Here are some treats to keep you up with the latest developments on the Muskrat falls front.
For starters, CBC’s Anthony Germain interviewed Tom Adams on Thursday about Adams’ contention that the Muskrat Falls project will add a significant debt load on the province. It’s the third audio file from the top on that linked page, incidentally.
How’s $12,000 per person for a significant debt load?
Adams points out that the industry standard way of figuring out costs for electricity projects makes Muskrat Falls hideously expensive. Nalcor’s estimate, incidentally, is that the cost using the industry-standard means puts Muskrat falls at a cost of at least 21 cents per kilowatt hour. When your humble e-scribbler and others said Muskrat would double the price of electricity for consumers, we were wrong. it would actually triple it or worse.
Because Muskrat Falls is so hideously expensive, Nalcor Energy and its whole-owned subsidiary - the Government of Newfoundland and Labrador - plan to use a costing method that transfers the costs and the huge risks for the project into the future. That makes it appear cheaper at the front but ensures that consumers get it in the end.
Adams’ comments are based on a post he made on March 21.
A couple of days later, Adams posted a link to slides from David Vardy’s presentation to the Rotary Club of St. John’s. That’s your second treat.
Most of this is stuff you may have heard before. One of the things you might want to pick out, though, is a point Vardy makes at the bottom of slide 18:
Access to financing will depend on the form of the loan guarantee.
Federal officials have talked about delivering their loan guarantee in a number of forms depending on what works best for them. Provincial officials haven’t really talked about this because it is a very delicate issue. How the feds deliver their commitment will affect the cost of the project significantly.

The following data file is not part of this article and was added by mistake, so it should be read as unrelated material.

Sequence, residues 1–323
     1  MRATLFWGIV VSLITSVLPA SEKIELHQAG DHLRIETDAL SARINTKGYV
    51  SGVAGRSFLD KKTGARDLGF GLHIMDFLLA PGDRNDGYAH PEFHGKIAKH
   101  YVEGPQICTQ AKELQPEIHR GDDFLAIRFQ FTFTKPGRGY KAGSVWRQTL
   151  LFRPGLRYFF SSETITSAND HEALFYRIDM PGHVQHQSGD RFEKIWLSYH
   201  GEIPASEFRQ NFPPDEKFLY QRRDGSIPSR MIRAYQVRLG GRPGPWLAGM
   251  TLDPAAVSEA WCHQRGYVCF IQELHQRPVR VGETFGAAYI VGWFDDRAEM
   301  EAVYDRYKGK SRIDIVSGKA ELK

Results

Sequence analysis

It can also determine whether or not the provincial government can raise the cash they will need for this very expensive project that has no apparent chance of ever making a nickel from export sales. Potential investors are looking at this project like hawks. They aren’t going to be fooled by Twittered bullshit about a 15% cost over-run and revenue streams that make it wonderful and viable.
Your third treat is the presentation by Dr. Stephen Bruneau (March 28) on the potential for natural gas as a way to produce electricity in the province. David Vardy noted this one as well as the availability of Churchill Falls power in 2041, incidentally.
Bruneau walked through the entire issue, including availability and potential costs. The slides are here in pdf.
He also looks at the risk of a pipeline rupture. Interestingly enough, the proponents of the Muskrat project are grasping at that one to try and fight off the threat to their dream posed by natural gas.
Bruneau estimates that the fuel costs for a Holyrood-sized gas plant would be one quarter of the cost of Holyrood. That’s based on an assumption that we cost the natural gas at current American market prices. The overall construction cost is in the neighbourhood of your humble e-scribbler’s estimates of under $2.0 billion. Bruneau estimates construction would be two years or so.
One of the things that opponents of low cost electricity forget is that you actually need a mix of generation types to deliver a stable supply of electricity. Natural gas would be the logical compliment to the existing hydro-electric generation on the island.
And, for those folks, that’s a significant issue. They love Muskrat and criticise natural gas because it isn’t green enough. What they fail to admit is that their plan for Muskrat includes more thermal generation from oil than the island current has. The Green Fallacy is just another example of how Muskrat proponents have to cut corners on the facts in order to push their project along.
- srbp -